My daughter is nearly five, and I can recall lying to her only once. We were looking for nursery rhymes on the Internet and landed on a page that showed a 16th-century woodcut of a person being decapitated. As I was hurriedly scrolling elsewhere, she demanded to know what we had just seen. I said something silly like “That was an old and very impractical form of surgery.” This left her suitably perplexed, and she remains unaware of man’s inhumanity to man to this day. However, I doubt that even this lie was necessary. I just wasn’t thinking very fast on my feet.

As parents, we must maintain our children’s trust—and the easiest way to lose it is by lying to them. Of course, we should communicate the truth in ways they can handle—and this often demands that we suppress details that would be confusing or needlessly disturbing. An important difference between children and (normal) adults is that children are not fully capable of conceiving of (much less looking out for) their real interests. Consequently, it might be necessary in some situations to pacify or motivate them with a lie. In my experience, however, such circumstances almost never arise.

Many people imagine that it is necessary to lie to children to make them feel good about themselves. But this makes little moral or intellectual sense. Especially with young children, the purpose of praise is to encourage them to try new things and enjoy themselves in the process. It isn’t a matter of evaluating their performance by reference to some external standard. The truth communicated by saying “That’s amazing” or “I love it” in response to a child’s drawing is never difficult to find or feel. Of course, things change when one is talking to an adult who wants to know how his work compares with the work of others. Here, we do our friends no favors by lying to them.

Strangely, the most common question I’ve received from readers on the topic of deception has been some version of the following:

What should we tell our children about Santa? My daughter asked if Santa was real the other day, and I couldn’t bear to disappoint her.

In fact, I’ve heard from several readers who seemed to anticipate this question, and who wrote to tell me how disturbed they had been when they learned that their parents had lied to them every Christmas. I’ve also heard from readers whose parents told the truth about Santa simply because they didn’t want the inevitable unraveling of the Christmas myth to cast any doubt on the divinity of Jesus Christ. I suppose some ironies are harder to detect than others.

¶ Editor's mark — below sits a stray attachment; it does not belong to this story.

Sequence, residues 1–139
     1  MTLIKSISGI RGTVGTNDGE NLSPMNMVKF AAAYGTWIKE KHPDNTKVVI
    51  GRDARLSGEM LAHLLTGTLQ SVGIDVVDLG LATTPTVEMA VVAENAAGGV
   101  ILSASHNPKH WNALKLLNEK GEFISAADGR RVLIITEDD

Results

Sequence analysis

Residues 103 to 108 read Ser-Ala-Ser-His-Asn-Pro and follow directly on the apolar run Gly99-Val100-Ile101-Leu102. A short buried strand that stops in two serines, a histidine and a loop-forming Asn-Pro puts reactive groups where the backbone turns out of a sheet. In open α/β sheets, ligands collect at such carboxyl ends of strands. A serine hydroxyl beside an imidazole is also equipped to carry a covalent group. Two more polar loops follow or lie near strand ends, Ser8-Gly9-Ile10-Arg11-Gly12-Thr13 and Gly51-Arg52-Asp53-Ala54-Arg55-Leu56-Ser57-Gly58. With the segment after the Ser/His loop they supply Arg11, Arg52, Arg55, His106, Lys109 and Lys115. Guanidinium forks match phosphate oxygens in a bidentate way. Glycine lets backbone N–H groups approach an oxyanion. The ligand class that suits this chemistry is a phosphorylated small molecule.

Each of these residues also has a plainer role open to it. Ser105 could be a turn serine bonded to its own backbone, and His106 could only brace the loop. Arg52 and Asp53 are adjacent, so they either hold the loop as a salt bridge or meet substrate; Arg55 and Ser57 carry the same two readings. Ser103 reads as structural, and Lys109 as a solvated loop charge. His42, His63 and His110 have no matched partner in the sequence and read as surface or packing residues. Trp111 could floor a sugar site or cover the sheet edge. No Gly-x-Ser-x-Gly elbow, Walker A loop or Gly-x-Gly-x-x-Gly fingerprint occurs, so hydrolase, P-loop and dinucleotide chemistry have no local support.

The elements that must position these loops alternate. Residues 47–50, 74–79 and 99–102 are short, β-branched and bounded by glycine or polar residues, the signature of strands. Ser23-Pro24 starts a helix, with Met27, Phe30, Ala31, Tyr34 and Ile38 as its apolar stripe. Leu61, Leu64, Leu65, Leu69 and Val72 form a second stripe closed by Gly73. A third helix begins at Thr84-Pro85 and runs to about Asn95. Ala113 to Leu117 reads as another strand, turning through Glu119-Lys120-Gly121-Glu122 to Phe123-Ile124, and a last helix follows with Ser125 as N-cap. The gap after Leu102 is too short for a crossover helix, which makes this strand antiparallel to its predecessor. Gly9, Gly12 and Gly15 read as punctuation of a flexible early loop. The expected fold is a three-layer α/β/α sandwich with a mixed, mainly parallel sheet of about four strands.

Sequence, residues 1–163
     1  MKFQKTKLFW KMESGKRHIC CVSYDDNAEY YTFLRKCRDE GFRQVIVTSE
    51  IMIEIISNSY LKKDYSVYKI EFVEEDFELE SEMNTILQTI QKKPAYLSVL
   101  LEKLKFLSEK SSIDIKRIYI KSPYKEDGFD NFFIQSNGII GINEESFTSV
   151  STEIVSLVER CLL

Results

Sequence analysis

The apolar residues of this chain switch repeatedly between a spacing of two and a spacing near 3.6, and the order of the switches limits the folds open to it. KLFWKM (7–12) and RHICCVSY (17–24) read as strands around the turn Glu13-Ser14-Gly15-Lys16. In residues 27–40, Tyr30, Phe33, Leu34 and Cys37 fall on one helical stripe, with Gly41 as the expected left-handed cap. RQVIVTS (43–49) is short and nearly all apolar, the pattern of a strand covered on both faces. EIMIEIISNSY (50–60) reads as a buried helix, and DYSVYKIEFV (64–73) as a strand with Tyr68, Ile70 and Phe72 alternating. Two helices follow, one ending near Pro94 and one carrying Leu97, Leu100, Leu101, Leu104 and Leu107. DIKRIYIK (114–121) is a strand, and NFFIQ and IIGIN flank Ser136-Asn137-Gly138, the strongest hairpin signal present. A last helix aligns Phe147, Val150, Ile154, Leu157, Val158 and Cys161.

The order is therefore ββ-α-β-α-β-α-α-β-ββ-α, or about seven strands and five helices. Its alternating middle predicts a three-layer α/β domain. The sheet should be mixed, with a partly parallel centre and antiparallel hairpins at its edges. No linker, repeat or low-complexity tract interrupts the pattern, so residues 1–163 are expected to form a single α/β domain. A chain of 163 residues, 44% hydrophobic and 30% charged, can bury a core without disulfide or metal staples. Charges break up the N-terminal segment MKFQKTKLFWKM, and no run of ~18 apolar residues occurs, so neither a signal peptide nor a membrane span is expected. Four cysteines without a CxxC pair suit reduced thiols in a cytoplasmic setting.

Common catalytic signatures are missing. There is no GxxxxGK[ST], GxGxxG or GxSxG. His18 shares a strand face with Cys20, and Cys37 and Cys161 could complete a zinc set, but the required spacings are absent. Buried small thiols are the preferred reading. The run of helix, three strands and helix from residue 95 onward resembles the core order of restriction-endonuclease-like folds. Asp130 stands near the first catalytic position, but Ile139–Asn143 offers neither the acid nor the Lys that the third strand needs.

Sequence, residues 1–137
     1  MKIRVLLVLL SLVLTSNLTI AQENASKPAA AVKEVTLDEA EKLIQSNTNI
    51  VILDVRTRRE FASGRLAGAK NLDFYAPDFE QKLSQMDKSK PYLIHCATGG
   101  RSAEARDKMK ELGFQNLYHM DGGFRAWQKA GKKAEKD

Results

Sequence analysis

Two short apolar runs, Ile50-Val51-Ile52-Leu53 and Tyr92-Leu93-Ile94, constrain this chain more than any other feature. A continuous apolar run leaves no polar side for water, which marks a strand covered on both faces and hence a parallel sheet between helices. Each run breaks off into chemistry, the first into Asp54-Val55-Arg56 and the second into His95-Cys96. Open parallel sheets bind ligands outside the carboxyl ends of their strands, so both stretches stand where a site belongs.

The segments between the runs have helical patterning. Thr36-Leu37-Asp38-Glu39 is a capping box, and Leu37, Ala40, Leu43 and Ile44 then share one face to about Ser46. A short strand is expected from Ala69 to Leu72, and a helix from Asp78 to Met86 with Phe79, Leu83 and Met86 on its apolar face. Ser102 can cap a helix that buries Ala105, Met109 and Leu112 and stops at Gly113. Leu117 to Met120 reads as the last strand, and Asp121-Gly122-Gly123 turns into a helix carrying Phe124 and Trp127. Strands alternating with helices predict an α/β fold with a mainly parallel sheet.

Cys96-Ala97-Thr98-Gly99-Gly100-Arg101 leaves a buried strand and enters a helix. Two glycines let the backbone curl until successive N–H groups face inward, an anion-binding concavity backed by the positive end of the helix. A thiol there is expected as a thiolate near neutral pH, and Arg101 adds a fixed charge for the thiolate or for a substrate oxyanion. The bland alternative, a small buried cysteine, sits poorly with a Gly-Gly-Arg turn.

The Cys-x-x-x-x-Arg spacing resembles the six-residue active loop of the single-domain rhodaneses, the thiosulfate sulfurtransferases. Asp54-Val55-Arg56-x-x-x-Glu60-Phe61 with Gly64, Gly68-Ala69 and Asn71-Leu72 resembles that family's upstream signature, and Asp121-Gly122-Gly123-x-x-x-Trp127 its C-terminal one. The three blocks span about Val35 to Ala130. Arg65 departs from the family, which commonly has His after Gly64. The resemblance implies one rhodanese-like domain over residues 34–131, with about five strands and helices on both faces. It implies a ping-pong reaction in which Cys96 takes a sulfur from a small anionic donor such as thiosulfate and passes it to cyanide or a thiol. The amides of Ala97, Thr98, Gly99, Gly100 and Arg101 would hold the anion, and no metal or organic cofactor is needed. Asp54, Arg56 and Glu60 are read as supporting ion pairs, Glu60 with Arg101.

I don’t remember whether I ever believed in Santa, but I was never tempted to tell my daughter that he was real. Christmas must be marginally more exciting for children who are duped about Santa—but something similar could be said of many phenomena about which no one is tempted to lie. Why not insist that dragons, mermaids, fairies, and Superman actually exist? Why not present the work of Tolkien and Rowling as history?

The real truth—which everyone knows 364 days of the year—is that fiction can be both meaningful and fun. Children have fantasy lives so rich and combustible that rigging them with lies is like putting a propeller on a rocket. And is the last child in class who still believes in Santa really grateful to have his first lesson in epistemology meted out by his fellow six-year-olds? If you deceive your children about Santa, you may give them a more thrilling experience of Christmas. What you probably won’t give them, however, is the sense that you would not and could not lie to them about anything else.

We live in a culture where the corrosive effect of lying is generally overlooked, and where people remain confused about the difference between truly harmless deceptions—such as the poetic license I took at the beginning of this article—and seemingly tiny lies that damage trust. I’ve written a short book about this. Its purpose is to convey, in less than an hour, one of the most significant ethical lessons I’ve ever learned: If you want to improve yourself and the people around you, you need only stop lying.

Lying book cover sam harris